A weekly guide to stories about Unitarian Universalists from other media sources.
After years of work, Christian Zsilavetz, a transgender educator and executive director of Pride School, is excited that his K-12 private school for LGBT educators, students, and families will finally be opening. It will be located in the Unitarian Universalist Congregation of Atlanta, Georgia—chosen because it is such a profoundly LGBT-friendly space. (Georgia Voice – 7.26.16)
See also: “First school opens in Atlanta for gay and transgender students” (WSB Radio – 7.25.16)
A group called Toward Right Relations from Olympia Unitarian Universalist Congregation in Washington has been volunteering to support a local event called Paddle to Nisqually. The annual canoe journey offers participants a personal journey towards healing and recovery of culture, traditional knowledge, and spirituality. Unitarian Universalists have been volunteering for months making necklaces and sewing dance regalia, among many other tasks. Church members say the effort has been an amazing learning experience. (Thurston Talk – 7.29.16)
During Ramadan earlier this year, members of First Parish in Malden, Massachusetts, joined with members of their local Muslim community for an Iftar celebration at the church. Both groups brought potluck-style dishes for the traditional evening meal eaten at sundown during Ramadan. Afterward, they shared stories and several Muslim attendees answered questions about their faith and tackled difficult conversations about terrorism and anti-Muslim bigotry. (Neighborhood View – 7.13.16)
After having their Black Lives Matter banner vandalized three times and eventually stolen, members of the Unitarian Universalist Fellowship at Stony Brook, New York, made the decision to remove the banner. Church leaders say their decision came, in part, out of respect for a preschool located on church grounds whose leaders did not agree with the Black Lives Matter statement. (News 12 Long Island – 7.26.16)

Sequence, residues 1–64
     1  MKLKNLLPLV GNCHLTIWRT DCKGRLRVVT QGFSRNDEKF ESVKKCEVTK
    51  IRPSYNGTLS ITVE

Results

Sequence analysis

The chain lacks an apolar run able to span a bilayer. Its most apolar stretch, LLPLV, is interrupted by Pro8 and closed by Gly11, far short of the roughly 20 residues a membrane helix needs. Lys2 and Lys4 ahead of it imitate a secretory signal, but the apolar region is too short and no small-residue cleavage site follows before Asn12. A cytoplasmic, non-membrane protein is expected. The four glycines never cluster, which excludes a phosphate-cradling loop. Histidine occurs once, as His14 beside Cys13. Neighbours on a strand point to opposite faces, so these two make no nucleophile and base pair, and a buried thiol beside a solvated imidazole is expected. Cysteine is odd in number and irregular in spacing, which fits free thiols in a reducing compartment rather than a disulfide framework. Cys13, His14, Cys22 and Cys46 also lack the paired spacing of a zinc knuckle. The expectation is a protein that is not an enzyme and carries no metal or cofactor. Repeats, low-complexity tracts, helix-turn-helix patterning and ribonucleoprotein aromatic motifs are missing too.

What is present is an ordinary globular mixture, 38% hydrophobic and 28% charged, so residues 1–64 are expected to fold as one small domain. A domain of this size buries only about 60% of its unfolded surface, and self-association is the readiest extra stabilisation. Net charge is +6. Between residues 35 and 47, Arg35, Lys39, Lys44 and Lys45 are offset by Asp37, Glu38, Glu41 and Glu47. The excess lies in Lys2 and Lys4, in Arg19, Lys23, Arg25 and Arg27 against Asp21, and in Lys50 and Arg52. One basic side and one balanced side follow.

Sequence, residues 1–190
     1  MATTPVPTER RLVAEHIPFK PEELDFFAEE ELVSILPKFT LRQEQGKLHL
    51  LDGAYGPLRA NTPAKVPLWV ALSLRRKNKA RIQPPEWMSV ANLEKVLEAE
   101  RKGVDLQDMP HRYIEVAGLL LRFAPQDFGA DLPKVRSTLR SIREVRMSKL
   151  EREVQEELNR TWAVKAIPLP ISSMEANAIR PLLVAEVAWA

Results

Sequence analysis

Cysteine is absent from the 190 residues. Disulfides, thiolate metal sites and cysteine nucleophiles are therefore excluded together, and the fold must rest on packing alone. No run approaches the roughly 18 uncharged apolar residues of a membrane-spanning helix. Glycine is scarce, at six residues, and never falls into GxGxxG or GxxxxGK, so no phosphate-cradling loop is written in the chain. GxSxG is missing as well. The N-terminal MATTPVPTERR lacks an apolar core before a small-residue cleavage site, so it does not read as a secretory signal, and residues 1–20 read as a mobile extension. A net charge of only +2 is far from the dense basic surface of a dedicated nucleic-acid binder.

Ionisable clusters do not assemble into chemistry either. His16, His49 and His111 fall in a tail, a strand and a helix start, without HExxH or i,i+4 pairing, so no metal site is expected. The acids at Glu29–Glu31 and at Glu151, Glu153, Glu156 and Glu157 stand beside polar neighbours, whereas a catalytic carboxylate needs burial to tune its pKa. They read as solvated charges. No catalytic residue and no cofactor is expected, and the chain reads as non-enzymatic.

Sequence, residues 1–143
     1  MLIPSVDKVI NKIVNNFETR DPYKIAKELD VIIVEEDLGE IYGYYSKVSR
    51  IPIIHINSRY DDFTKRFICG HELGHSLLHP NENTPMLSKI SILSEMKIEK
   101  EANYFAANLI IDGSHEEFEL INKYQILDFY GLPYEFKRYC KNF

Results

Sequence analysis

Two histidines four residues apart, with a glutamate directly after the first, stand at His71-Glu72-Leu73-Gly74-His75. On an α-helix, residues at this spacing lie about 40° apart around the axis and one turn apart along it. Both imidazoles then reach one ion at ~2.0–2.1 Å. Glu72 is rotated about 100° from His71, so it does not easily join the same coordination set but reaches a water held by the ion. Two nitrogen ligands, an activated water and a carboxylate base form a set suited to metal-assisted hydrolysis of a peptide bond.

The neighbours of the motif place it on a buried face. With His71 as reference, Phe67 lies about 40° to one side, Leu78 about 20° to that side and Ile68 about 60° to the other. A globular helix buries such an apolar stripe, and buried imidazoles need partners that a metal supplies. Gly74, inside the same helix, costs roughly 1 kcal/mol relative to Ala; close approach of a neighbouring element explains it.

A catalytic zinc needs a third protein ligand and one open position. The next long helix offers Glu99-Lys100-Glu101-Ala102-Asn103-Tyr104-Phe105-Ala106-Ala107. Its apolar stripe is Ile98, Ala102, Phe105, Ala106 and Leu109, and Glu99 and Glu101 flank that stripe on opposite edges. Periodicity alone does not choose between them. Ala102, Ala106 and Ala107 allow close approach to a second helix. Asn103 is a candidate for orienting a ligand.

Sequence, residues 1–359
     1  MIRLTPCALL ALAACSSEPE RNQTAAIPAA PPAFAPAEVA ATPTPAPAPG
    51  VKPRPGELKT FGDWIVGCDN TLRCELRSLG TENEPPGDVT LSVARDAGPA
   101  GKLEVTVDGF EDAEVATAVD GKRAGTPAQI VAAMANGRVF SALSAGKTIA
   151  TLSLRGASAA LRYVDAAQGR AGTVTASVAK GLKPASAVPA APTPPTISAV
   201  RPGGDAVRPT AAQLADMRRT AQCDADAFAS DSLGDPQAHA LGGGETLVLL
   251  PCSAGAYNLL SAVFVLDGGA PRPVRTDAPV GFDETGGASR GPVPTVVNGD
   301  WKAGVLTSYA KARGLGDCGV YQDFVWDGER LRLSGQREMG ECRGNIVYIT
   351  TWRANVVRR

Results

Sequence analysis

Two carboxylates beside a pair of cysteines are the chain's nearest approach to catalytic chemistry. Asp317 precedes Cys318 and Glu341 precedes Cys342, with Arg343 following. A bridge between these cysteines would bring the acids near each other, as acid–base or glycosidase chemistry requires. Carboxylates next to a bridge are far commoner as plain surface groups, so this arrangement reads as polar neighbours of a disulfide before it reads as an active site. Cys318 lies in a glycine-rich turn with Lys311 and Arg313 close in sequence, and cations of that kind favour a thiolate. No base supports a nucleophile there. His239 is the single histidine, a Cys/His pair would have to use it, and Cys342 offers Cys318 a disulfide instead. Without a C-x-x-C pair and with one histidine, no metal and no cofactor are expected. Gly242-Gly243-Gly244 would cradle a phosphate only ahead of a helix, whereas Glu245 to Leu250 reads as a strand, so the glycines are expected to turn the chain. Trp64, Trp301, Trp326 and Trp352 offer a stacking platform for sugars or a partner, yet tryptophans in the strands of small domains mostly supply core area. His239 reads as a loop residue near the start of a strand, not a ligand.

Fox Valley Unitarian Universalist Fellowship in Appleton, Wisconsin, has had its Black Lives Matter banner vandalized three times in the past year, and it was stolen most recently on July 17. In response, it has coordinated an effort to have individual members of the community display Black Lives Matter yard signs as a show of support for the movement. “If the banner is stolen again, it will be replaced as many times as needed,” said Marie Blohowiak, the church’s congregational life coordinator. (Wisconsin Public Radio – 7.25.16)
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Rachel Walden is the communications specialist in the UUA Office of Information and Public Witness.
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